by Alek Popov; translated from the Bulgarian by Velina Minkoff

An excerpt from The Radical Thinker's Companion, Ciela, 2018. This text was translated during Elizabeth Kostova Foundation's Translation Workshop in March 2021

I have a story in which the main character is a voyeur. It is called The Red Room. Every few months this guy rents a new place to stay in search of more and more new scenes for observation. One night, the lens of his powerful telescope falls upon a room flooded with intense red light. It is completely empty, except for the plain wooden chair in the middle. For days, weeks on end, our voyeur observes the room, but no one enters. The chair remains empty and the red light streams relentlessly into the night. Tormented by curiosity, he leaves his comfortable observation post, goes over to the apartment building across from his, and enters the room… Which turns out to be fatal.

The voyeur should not push himself into the picture. The task of the writer is the exact opposite – he strives to become part of the landscape, at least for a short time. For him, it is not enough to catch a glimpse of a woman’s bare back as she comes out of the shower. He absolutely must find out a bunch of other things: whether anyone else is in the room, what the two of them are talking about, and maybe even how they feel about each other. What did the woman do before getting in the shower and what will she do after that?… Naturally, these curious details cannot be uncovered by simply peeking behind the curtain. One would have to be inside the room, which is always associated with risks. Entering someone else's room requires solid reasons, and being a writer is definitely not one of them. In such cases, James Bond usually seduces the lady, and all doors automatically open up before him. The writer’s technique is not much different…

The affinity between the trade of the writer and that of the spy goes way back. This seems to be best acknowledged in the United Kingdom, but it also applies to other parts of the world. Many writers were spies and many spies took to writing books. Daniel Defoe, Graham Greene, Ian Fleming, the list goes on and on. However, being a spy does not necessarily mean working for some sinister intelligence agency, no matter how prestigious it may seem at first glance. There are private spies, just like there are private detectives. There are also spies who work only for themselves – at least that is what they think. I do not know about the others, but I am precisely that type.

What kind of spy do you think you are, the real spies will say, if you don’t communicate with your Center? Who ordered you to collect information? Who do you report to? What is your code name? All reasonable questions. A real spy, however, would never answer such questions, and they know it well. If a spy compromises his cover in public, he ceases to be a spy. The same is true, to a large extent, of the writer. When in "action", he avoids disclosing his real profession. Spies, on the other hand, have this annoying habit of posing as writers when at work. The truth is, however, that this tactic is completely wrong. There is nothing more suspicious than someone investigating channels for illegal arms trafficking under the pretext of writing a book about it. I recently read a novel by Frederick Forsythe, where the agent behaves in that stupid way. The result is catastrophic.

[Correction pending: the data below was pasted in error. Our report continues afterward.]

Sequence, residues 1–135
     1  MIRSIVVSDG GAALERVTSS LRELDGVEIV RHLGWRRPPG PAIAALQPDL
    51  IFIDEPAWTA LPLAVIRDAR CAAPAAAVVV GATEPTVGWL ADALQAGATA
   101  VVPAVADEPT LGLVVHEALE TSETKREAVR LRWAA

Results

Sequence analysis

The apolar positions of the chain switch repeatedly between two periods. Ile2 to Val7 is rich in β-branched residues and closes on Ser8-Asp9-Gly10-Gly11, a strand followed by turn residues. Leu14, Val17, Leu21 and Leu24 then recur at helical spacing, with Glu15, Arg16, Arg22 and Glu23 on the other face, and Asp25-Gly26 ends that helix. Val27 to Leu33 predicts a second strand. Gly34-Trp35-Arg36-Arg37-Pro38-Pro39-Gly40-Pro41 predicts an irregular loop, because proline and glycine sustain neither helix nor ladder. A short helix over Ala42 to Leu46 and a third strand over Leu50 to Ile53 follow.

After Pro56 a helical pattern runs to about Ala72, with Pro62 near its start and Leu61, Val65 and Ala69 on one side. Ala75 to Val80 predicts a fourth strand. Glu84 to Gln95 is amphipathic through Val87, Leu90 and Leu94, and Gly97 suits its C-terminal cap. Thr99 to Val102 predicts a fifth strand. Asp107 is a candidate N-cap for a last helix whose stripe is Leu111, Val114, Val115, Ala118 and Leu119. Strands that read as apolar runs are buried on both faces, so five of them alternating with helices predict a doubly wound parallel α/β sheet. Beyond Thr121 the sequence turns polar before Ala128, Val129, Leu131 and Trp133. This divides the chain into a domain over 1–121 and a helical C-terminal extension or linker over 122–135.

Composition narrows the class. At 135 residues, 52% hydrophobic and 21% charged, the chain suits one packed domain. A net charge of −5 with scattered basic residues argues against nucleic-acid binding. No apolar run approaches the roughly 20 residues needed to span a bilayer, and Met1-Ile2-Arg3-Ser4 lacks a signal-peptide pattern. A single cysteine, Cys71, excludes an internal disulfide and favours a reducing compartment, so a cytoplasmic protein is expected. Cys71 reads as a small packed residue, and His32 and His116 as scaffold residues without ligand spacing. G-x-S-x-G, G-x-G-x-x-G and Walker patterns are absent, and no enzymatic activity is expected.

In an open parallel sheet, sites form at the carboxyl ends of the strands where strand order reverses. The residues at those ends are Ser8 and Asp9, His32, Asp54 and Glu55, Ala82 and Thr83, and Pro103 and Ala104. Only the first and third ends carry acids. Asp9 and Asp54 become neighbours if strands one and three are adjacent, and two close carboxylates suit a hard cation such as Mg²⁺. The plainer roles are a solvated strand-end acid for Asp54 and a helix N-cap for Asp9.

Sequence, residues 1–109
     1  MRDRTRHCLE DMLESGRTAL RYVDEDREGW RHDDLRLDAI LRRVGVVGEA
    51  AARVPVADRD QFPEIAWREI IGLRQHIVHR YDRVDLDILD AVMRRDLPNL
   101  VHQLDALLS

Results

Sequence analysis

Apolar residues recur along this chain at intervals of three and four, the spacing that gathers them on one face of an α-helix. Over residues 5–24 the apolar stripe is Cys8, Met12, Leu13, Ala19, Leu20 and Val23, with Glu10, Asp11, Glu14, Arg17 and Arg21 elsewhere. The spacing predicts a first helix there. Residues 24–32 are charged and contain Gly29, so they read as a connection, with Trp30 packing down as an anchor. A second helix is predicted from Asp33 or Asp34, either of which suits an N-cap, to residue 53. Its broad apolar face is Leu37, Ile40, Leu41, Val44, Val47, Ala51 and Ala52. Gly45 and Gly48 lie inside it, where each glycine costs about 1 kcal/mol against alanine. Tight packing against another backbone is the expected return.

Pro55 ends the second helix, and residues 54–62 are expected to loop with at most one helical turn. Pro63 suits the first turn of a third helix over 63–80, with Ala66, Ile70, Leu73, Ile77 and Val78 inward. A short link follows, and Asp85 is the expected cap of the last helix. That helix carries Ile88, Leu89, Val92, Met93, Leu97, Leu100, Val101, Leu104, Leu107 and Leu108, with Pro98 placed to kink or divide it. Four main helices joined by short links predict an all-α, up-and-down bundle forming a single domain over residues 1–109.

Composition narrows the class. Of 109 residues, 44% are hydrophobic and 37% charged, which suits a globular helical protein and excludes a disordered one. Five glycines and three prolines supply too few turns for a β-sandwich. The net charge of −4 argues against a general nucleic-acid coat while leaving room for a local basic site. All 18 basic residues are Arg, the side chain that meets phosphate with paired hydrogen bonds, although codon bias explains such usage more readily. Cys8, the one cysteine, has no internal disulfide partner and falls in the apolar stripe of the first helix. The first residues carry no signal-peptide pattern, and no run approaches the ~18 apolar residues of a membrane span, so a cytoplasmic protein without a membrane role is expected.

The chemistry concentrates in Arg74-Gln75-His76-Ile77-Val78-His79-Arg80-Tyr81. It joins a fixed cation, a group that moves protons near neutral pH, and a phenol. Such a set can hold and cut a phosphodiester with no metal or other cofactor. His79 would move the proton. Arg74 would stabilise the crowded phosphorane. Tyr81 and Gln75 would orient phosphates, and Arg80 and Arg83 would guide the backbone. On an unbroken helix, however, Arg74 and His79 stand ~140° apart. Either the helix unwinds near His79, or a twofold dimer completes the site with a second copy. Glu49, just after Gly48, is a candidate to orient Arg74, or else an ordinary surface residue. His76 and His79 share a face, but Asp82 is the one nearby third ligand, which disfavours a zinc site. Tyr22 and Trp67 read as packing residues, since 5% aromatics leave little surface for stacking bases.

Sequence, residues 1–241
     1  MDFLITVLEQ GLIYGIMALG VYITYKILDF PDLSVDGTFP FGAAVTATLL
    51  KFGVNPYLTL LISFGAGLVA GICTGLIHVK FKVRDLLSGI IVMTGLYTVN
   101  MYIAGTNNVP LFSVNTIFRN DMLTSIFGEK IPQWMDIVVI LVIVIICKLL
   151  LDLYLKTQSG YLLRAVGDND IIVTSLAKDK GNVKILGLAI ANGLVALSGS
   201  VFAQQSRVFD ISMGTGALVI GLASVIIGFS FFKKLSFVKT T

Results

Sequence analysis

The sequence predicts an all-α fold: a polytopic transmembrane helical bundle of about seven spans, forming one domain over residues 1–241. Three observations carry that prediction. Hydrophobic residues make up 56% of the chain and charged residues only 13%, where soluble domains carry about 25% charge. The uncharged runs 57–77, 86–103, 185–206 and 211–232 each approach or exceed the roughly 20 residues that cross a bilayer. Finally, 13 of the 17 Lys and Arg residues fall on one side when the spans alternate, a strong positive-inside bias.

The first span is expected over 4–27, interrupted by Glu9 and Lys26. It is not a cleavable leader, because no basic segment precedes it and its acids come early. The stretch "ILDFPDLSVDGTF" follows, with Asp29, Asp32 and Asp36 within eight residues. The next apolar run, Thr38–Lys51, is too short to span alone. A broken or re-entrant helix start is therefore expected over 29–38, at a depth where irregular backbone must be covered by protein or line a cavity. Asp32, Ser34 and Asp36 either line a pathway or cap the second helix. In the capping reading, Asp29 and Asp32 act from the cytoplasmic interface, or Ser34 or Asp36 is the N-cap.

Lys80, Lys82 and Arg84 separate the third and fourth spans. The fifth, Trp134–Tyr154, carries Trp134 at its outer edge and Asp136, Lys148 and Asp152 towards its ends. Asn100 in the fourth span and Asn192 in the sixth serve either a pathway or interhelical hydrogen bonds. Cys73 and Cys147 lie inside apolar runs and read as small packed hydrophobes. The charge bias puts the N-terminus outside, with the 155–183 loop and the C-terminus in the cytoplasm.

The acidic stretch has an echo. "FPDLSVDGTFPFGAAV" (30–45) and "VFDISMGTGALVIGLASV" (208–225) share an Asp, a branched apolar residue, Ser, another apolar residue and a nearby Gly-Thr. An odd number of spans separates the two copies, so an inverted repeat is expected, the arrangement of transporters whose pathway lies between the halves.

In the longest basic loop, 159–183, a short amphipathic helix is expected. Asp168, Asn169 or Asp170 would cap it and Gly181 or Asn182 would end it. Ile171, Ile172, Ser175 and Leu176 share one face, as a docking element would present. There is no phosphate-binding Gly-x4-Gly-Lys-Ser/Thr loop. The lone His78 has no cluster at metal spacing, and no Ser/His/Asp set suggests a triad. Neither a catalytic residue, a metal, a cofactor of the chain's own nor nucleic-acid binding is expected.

Both the writer and the spy do not aim to take a snapshot of reality. That would be a job for the voyeur. The voyeur likes form, its fleeting sparkles dazzle him, while spies, including writers, stubbornly try to peek behind the facade of the visible. Form could turn out to be camouflage, with nuclear warheads hidden behind it. Therefore, they never take reality for what it is. The voyeur's horizon is limited to the window frame or to the gap between the blinds. It often captures many interesting things, but what cannot be seen is probably even more interesting.

Both writers and spies seem to not have a context of their own. They like to infiltrate, but they rarely integrate. Beyond all their incarnations lies the blank page, the information vacuum they must proceed to fill with text, artistic or operative, depending on their vocation. The work of an intelligence officer usually becomes available to as small a circle of people as possible. The work of the writer – quite the opposite. But at the end of the day, both build a parallel world, which reflects reality in reverse.

An anti–universe? 


With the contribution by some of the participants at the 2021 Translation Workshop: Rozalia Petkova, Petriela Bacheva, Petia Ivanova, Bistra Andreeva, Vera Ivanova, Gergana Taleva, Ivelina Yotsova, Gergana Rantcheva, Marina Stefanova, Veronika Velcheva, Sophia Kleinsasser, Denitsa Todorova, Nicoletta Dicova, Gabriela Manova

Velina Minkoff is a literary translator and the author of three books in three languages. Her story collection Red Shorts (2001) was written in English and in 2020 was published in French. Her debut novel The Red and Blue Report of the Green Amoeba, originally published in Bulgarian in 2015, was published in French by Actes sud in 2018. Her second short story collection, Full–bush Brazillian was published in 2018. Velina lives in Paris, where she freelances as a translator, editor, lecturer, and writer. She is currently a doctoral candidate in translation of Bulgarian Literature at INALCO.


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